The Fifth of Easter
May 14, 2017  
Fr. José Maria Alvim Cortes, F.S.C.B.

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Sunday Reading Meditations

“Do not let your hearts be troubled” (Jn 14:1).

Jesus was leaving. He was going to be separated from his friends. It was a very emotional moment. Jesus tries to comfort them by saying that he will prepare a place at his Father’s house, where they will be together again.

However, the disciples did not understand what Jesus was saying. Jesus was trying to say something very important and the disciples did not understand anything. Jesus was talking about eternal life and the Apostles were thinking about earthly life: “Thomas said to him, ‘Master, we do not know where you are going; how can we know the way?’” (Jn 14:5).

For us, too, it is not easy to understand the words of the faith. Nowadays, the secular mentality makes it hard to understand Jesus’ words. The words of the faith seem far away from the experiences of every day. Words like heaven, salvation, grace etc. are very distant from our day-to-day interests and concerns.

What could conquer this distance between the words of the faith and our experience?

Jesus says: “You know the way” (Jn 14:4). For the Apostles, the way was this man, it was their friend. Friendship with Christ was the way. For the Apostles, the way to understand who Jesus is was a matter of being faithful to their friendship with him.

Likewise, today we need to see the Church as a place where we can experience friendship, communion. There we can understand the meaning of Jesus’ words and be helped to find the connection between faith and life.

“I am the way and the truth and the life” (Jn 14:6).

We live in a world where there are many ways, truths and lives. The statement that there is only one way, one truth and one life seems strange to us. Relativism asserts that everything is the same.

Pope Benedict XVI says: “We are building a dictatorship of relativism” (Homily, St. Peter’s Basilica, April 18, 2005).[1] Relativism insists that morality, cultures and beliefs are all of equal value, meaning and worth. It asserts that what is true for one person might not be true for another, and each person can decide for himself what is true, good and right. Popular expressions of relativism include comments such as the following: “This is true for me—and so I believe it” and “What’s right for you might not be right for me.”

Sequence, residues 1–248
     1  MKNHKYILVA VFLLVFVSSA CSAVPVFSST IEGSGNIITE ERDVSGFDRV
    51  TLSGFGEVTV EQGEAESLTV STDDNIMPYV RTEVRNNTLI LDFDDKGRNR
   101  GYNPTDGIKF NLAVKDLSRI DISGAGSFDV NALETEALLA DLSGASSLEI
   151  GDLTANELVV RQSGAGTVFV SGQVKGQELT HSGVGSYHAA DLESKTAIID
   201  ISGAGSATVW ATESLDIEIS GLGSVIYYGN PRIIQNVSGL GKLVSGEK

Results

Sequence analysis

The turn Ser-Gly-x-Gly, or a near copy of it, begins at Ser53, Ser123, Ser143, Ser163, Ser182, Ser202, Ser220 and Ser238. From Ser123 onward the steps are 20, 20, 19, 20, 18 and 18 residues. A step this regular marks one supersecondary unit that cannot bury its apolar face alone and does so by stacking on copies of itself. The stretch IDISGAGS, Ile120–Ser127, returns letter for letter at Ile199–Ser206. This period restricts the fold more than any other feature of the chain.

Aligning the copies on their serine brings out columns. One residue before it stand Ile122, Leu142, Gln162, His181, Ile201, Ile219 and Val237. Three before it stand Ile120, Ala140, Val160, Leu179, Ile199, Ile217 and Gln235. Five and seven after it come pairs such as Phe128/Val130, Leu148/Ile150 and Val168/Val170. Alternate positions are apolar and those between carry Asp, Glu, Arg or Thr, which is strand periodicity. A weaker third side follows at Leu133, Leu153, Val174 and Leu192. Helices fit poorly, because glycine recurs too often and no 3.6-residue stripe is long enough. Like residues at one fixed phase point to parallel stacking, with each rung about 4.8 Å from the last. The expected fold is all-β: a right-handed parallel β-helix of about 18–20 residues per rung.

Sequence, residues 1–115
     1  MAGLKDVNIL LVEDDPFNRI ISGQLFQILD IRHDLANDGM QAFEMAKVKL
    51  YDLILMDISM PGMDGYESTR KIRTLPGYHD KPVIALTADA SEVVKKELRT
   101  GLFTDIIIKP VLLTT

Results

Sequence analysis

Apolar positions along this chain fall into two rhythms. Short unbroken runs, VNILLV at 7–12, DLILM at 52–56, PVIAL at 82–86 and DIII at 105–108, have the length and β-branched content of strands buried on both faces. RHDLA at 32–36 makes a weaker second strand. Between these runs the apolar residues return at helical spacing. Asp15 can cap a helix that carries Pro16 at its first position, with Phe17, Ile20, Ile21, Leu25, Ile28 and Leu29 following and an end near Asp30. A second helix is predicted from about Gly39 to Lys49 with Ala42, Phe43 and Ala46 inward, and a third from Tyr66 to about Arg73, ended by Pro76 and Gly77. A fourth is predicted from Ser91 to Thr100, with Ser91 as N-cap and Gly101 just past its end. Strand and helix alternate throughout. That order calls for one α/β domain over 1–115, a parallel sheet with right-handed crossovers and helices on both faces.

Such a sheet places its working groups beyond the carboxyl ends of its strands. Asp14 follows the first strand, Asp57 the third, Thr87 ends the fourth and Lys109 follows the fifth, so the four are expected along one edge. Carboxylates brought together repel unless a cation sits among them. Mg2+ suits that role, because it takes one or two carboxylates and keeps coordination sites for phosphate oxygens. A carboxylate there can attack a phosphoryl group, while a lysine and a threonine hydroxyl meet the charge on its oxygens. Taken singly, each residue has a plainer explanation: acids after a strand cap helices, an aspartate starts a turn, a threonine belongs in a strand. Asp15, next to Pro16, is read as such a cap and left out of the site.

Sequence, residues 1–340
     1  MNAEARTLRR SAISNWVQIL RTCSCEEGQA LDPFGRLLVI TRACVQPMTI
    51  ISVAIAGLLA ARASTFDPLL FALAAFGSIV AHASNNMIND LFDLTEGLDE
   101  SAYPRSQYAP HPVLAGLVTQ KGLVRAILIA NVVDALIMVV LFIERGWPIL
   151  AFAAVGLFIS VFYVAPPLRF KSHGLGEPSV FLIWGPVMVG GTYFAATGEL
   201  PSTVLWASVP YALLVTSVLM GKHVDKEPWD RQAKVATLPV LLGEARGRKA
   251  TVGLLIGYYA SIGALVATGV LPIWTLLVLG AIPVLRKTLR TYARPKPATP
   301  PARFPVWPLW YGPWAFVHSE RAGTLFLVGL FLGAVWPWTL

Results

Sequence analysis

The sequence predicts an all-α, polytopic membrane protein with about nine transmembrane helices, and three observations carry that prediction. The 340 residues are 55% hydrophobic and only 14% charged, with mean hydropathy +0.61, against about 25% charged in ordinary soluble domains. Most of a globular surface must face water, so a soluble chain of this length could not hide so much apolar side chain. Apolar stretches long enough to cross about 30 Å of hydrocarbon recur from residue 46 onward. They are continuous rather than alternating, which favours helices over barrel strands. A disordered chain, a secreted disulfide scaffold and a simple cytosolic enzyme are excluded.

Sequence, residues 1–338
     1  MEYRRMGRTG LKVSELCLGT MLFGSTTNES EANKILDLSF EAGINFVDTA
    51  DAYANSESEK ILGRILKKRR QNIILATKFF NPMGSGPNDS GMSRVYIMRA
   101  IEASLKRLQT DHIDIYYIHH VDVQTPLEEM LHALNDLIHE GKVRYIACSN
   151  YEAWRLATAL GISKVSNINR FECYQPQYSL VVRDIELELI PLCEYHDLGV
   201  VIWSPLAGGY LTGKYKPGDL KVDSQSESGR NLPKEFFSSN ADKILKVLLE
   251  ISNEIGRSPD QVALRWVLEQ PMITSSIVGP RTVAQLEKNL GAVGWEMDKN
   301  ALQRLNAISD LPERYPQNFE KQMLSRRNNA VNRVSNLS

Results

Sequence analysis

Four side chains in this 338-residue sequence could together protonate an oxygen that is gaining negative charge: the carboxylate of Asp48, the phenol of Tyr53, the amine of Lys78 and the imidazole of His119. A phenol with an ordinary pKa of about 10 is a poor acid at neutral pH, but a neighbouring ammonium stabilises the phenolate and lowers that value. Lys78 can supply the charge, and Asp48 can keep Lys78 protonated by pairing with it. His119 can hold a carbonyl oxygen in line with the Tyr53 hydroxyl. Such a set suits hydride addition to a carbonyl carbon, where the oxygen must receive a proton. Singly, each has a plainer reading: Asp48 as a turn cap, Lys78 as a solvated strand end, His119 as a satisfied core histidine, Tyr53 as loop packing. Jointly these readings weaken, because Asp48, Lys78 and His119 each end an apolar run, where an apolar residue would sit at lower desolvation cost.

Without truth, we are slaves of ourselves and dominated by the prevailing mentality. Jesus says in Saint John’s Gospel: “You will know the truth, and the truth will make you free” (Jn 8:32). We need to know the truth. For us, the truth is not abstract knowledge. The truth is a person: Jesus Christ.

I always remember what Pope Benedict says in his first encyclical letter, Deus Caritas Est: “Being Christian is not the result of an ethical choice or a lofty idea, but the encounter with an event, a person, which gives life a new horizon and a decisive direction.”[2]

We ask Our Lady to obtain for us the grace of living the Church as the place where we can have the amazing experience of encountering Jesus Christ: our way, truth and life.  Amen.

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